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Fitness Focus: Copy-and-Share: Persistence Is the Key

Thompson, Dixie L. Ph.D., FACSM

ACSM's Health & Fitness Journal: January-February 2005 - Volume 9 - Issue 1 - p 3

Persistence is key! Tips on how to maintain a consistent and effective exercise schedule.

Dixie L. Thompson, Ph.D., FACSM, is the director of the Center for Physical Activity and Health and an associate professor in the Department of Exercise, Sport, and Leisure Studies at the University of Tennessee, Knoxville.

Often people ask, "What is the best exercise for weight loss?" Many commercial exercise programs promise weight loss, but is there a "best" exercise for weight control? Although some exercises burn more calories per minute (i.e., higher intensity), and some burn a higher percentage of calories from fat (i.e., lower intensity), the best exercise for weight control and overall health is exercise performed consistently. Use these tips to find an exercise routine that works for you.

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Symbol Set Realistic Goals



Goal setting is critical in finding the right exercise program for you. Is your desired outcome weight loss? Fitness improvement? Stress reduction? Set realistic goals, and then build a program to reach them. You can do this on your own, or turn to a personal fitness trainer who has experience designing successful programs. To reach your goals, establish specific, measurable behavioral objectives, such as "I will walk for 30 minutes each evening after work."

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Symbol Track Your Progress

Keeping a written record of your exercise provides positive reinforcement for those times when you are being consistent, and gentle encouragement when you are skipping workouts. Whatever you choose to record your exercise (notebook, PDA, etc.), make it a method that provides encouragement but is not burdensome.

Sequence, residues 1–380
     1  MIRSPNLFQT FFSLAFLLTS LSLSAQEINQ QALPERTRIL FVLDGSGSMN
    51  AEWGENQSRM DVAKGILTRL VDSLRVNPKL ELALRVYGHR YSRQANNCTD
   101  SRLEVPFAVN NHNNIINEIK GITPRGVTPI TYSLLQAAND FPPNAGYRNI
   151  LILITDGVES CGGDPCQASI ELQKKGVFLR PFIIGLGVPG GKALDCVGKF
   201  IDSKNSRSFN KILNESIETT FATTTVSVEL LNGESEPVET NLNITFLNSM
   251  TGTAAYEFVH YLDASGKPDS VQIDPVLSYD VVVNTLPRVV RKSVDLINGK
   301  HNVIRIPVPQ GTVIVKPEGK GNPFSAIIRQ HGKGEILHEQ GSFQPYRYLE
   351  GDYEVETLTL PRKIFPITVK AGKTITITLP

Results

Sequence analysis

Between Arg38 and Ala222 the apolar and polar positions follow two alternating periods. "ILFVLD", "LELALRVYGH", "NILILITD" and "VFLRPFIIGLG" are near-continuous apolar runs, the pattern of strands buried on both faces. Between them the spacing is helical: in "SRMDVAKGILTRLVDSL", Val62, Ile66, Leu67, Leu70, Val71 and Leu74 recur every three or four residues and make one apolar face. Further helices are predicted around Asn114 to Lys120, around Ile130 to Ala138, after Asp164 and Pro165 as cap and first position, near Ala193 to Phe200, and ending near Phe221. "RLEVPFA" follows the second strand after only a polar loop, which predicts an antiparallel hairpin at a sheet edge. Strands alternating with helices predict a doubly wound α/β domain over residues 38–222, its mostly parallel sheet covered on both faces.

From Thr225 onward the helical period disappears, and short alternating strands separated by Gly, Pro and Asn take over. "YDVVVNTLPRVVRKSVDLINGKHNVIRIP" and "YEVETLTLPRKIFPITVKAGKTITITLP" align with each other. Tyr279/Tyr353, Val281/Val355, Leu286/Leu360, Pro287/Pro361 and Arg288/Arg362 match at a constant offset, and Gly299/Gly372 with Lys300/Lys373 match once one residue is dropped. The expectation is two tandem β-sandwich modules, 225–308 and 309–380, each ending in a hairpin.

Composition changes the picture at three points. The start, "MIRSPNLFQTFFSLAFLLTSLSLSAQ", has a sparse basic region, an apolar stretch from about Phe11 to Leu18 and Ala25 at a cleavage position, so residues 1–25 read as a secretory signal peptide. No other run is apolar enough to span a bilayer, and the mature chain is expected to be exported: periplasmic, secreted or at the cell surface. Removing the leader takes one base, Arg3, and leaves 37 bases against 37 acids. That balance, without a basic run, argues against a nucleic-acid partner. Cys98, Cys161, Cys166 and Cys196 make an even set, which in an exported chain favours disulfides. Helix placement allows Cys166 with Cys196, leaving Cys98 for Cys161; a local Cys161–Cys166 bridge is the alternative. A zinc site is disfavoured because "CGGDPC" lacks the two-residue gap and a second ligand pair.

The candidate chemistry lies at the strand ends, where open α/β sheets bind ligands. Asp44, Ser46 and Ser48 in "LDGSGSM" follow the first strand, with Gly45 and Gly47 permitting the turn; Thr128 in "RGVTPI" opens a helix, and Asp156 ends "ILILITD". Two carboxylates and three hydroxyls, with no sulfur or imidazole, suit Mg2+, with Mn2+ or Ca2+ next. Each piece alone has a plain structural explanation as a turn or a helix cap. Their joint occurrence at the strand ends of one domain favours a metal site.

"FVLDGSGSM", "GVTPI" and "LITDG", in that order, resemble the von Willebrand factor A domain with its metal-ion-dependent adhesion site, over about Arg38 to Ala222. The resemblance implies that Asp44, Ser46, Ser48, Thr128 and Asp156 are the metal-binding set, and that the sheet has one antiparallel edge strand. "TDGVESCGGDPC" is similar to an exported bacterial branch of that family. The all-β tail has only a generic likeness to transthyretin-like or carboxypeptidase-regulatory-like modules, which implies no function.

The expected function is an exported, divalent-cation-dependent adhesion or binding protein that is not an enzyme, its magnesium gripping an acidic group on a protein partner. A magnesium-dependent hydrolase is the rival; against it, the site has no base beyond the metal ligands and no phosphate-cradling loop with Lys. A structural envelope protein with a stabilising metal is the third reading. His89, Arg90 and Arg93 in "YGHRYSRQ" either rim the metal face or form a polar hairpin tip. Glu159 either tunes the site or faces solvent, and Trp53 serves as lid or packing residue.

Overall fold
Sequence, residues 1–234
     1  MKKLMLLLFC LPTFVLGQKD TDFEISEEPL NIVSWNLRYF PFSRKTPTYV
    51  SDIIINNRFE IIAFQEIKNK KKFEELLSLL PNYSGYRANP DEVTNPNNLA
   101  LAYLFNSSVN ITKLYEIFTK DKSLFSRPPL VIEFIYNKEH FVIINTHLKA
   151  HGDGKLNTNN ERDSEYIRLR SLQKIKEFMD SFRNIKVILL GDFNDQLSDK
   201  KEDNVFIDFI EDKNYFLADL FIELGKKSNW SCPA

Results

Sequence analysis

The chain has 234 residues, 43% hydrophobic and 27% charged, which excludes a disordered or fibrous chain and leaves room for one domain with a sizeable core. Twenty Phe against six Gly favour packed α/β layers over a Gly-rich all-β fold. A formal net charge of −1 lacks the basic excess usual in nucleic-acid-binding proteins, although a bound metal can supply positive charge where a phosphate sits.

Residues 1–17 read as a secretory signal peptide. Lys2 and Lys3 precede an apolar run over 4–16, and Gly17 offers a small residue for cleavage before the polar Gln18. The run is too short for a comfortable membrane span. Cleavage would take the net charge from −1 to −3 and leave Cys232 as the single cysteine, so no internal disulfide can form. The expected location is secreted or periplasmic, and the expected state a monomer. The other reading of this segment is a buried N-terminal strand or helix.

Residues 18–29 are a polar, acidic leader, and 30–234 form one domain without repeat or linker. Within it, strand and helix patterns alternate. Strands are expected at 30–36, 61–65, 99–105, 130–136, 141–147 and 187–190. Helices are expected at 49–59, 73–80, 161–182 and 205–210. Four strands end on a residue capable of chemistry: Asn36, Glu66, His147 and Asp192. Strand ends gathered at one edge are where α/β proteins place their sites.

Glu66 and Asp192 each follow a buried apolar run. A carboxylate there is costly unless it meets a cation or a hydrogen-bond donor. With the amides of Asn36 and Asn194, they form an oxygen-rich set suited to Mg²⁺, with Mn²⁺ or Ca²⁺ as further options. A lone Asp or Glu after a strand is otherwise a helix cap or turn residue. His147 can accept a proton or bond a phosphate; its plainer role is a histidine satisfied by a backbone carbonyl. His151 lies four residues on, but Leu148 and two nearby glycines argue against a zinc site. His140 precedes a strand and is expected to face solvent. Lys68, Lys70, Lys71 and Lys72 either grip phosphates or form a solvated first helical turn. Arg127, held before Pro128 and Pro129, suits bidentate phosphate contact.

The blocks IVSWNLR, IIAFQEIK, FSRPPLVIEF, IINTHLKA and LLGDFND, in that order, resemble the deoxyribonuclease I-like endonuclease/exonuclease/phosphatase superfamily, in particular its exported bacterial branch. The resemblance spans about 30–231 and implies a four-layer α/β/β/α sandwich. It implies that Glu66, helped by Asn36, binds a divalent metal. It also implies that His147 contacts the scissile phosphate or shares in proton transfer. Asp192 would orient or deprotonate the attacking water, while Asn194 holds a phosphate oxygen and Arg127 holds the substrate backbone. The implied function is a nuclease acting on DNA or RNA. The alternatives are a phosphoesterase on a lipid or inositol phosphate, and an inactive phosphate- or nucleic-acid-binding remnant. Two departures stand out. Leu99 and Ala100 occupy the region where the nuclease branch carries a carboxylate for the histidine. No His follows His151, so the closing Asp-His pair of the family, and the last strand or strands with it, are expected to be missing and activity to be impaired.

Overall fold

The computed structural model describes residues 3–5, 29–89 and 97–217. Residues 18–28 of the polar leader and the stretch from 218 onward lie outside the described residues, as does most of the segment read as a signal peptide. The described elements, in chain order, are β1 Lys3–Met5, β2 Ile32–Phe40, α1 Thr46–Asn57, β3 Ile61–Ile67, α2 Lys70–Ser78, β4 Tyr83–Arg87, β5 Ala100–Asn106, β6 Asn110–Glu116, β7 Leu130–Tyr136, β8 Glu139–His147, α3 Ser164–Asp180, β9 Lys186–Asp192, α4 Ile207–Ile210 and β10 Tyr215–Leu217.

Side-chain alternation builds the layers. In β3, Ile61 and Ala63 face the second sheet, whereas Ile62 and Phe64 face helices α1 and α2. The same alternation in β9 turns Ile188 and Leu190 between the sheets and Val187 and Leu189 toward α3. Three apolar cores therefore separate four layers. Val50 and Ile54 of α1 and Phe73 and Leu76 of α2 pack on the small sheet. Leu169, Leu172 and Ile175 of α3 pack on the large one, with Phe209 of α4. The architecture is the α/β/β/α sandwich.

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Symbol Build a Support System

Identify people who can help you maintain your commitment to exercise. For example, exercise partners and personal trainers can be powerful motivational supports. It also is critical to find people who can help make it easier to build exercise into your life. For example, if your spouse agrees to pick up the children 3 days per week, you can use that time to exercise. If you explain to others how personally important following your exercise routine is, they may be more supportive of your efforts.

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Symbol Periodically Reassess

Your exercise goals may change with time. At times you may be content with maintaining your current exercise level, but at other times you may aspire to higher goals. The key is focusing upon desired outcomes. Having purpose in your workouts will help you make them a priority. Also, use reassessment to determine whether your workouts are effective. For example, if you are attempting weight loss but your weight is not falling, it could be that your workouts are inconsistent, or it may have more to do with your eating habits.

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Symbol Have Fun

Exercising regularly requires commitment and determination, but that does not mean it has to be drudgery! In the short term, you can make yourself perform exercises you don't like, but for long-term success, establish a routine that you find enjoyable and that fits your lifestyle. Joining a recreational league or a new club may be the boost you need to keep exercising. If you feel bored by your workouts, experiment with something new. There are always new and different approaches to try.

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Symbol Monitor Eating

Exercise will burn calories, but it will only result in weight loss if you are burning more calories that you are eating. Establishing a modest caloric deficit, resulting in a 1- to 2-lb loss per week, is the recommended approach to achieving a healthy weight.

Use these tips as you attempt to stay active and maintain a healthy weight. Find what works for you, and you will be much more likely to stick with it. Remember, persistence is the key!

© 2005 American College of Sports Medicine